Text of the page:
Carriker did absolutely nothing morally wrong; he merely lined up a potential trade deal between two other people. In the process, he and his friend became victims of an armed robbery. For being …read more

Source: ALTERNET

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Capitalism’s Assault on the Indian Caste System

July 21, 2015 in Economics

Dalits—once called untouchables—constitute one-sixth of India’s population. They traditionally occupied the bottom of the caste hierarchy, in the filthiest occupations. In a new paper, Cato scholar Swaminathan S. Anklesaria Aiyar explains how the arrival of the competitive market and its creative destruction broke old caste bonds and facilitated the shift of dalits to new occupations. “The dalit revolution is still in its early stages,” says Aiyar, “but is unstoppable.”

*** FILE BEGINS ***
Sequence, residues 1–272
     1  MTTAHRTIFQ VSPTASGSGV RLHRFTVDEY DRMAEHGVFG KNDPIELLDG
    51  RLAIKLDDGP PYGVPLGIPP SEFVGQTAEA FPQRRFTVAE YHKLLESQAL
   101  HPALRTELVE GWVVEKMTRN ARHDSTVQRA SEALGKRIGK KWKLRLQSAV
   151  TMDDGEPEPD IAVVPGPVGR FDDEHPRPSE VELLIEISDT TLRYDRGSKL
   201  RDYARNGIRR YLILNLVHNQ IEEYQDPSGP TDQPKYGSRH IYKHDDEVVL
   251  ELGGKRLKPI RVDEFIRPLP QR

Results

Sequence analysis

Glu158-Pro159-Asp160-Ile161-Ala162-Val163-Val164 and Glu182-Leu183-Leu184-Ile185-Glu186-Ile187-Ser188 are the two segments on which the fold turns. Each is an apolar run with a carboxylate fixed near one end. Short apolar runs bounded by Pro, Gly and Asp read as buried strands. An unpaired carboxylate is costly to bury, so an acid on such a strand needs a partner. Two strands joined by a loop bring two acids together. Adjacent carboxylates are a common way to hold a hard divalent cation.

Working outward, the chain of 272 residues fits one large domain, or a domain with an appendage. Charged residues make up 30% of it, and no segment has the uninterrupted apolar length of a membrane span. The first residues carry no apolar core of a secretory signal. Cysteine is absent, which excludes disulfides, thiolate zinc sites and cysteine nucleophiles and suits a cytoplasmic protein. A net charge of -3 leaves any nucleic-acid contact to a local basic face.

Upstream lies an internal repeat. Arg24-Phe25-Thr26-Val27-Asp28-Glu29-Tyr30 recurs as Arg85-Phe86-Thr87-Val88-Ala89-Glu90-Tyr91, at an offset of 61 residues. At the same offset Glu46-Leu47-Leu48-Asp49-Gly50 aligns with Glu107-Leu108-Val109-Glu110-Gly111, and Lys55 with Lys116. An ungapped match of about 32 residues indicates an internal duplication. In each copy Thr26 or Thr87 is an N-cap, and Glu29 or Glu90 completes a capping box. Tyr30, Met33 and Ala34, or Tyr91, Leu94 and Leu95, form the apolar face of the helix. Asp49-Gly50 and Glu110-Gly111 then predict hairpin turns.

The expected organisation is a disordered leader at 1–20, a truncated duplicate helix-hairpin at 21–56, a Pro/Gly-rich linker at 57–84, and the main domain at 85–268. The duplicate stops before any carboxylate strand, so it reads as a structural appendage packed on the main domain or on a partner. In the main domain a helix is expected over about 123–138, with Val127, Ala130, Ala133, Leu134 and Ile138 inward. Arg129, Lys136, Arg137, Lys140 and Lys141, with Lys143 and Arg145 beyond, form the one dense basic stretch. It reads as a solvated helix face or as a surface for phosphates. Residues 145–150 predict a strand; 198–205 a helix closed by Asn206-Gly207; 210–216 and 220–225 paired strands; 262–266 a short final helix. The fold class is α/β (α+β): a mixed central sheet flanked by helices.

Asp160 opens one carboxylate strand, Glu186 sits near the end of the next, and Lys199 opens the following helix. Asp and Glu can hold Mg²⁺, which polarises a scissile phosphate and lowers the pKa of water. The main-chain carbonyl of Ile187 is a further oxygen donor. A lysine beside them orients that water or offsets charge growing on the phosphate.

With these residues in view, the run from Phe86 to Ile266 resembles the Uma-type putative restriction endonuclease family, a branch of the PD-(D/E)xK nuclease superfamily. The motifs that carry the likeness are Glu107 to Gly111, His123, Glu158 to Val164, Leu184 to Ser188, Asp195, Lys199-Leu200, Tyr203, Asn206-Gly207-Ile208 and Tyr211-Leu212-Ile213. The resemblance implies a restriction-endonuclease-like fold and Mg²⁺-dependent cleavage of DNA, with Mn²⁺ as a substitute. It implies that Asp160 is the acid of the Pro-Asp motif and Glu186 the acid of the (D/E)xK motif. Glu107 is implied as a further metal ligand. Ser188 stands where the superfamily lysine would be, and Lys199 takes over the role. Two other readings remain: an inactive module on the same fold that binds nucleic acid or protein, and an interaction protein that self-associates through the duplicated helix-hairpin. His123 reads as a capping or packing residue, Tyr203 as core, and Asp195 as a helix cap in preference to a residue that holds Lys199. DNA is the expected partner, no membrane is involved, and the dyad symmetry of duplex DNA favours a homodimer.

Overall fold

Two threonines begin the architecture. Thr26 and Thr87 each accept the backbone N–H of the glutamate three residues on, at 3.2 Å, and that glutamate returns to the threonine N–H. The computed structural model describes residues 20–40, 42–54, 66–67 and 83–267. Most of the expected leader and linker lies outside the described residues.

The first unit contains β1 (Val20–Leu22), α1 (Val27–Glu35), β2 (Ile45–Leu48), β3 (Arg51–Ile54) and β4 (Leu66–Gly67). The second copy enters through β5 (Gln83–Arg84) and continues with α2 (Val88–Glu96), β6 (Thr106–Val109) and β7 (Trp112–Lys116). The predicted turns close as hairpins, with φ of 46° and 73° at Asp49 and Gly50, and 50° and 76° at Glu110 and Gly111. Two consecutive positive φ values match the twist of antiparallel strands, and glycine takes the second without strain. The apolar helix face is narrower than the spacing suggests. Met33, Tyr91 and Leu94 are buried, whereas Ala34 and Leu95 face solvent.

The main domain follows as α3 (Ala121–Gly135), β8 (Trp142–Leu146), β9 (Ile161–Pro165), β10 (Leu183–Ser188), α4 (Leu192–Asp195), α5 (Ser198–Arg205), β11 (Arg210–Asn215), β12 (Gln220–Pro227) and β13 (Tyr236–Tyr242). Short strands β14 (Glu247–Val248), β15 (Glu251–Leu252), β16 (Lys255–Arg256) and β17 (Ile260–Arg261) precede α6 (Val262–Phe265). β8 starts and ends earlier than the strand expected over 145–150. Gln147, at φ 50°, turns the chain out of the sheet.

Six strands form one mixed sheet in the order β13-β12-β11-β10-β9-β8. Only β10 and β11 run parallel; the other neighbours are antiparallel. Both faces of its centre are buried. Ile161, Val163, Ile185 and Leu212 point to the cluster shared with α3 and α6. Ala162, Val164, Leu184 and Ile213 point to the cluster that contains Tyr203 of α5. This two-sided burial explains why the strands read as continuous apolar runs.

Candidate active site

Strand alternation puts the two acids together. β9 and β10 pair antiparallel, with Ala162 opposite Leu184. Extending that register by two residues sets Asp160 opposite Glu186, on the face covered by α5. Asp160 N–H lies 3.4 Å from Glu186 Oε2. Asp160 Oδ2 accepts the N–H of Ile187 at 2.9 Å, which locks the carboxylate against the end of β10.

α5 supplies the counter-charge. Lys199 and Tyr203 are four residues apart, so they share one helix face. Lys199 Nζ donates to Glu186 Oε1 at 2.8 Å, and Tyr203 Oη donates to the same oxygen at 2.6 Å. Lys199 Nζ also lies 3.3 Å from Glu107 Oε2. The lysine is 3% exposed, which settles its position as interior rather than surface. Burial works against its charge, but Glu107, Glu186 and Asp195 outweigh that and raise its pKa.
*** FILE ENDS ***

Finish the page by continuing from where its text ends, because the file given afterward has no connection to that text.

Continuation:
…read more

Source: CATO HEADLINES

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The Monkey Trial Ended, but the War Goes On

July 21, 2015 in Economics

By Neal McCluskey

Neal McCluskey

Ninety years ago today, the Scopes “Monkey Trial,” immortalized on stage and screen, drew to a close. But while the most famous battle ever over evolution — and perhaps the most famous trial of all time — ended nine decades ago, the war between evolution and creationism continues.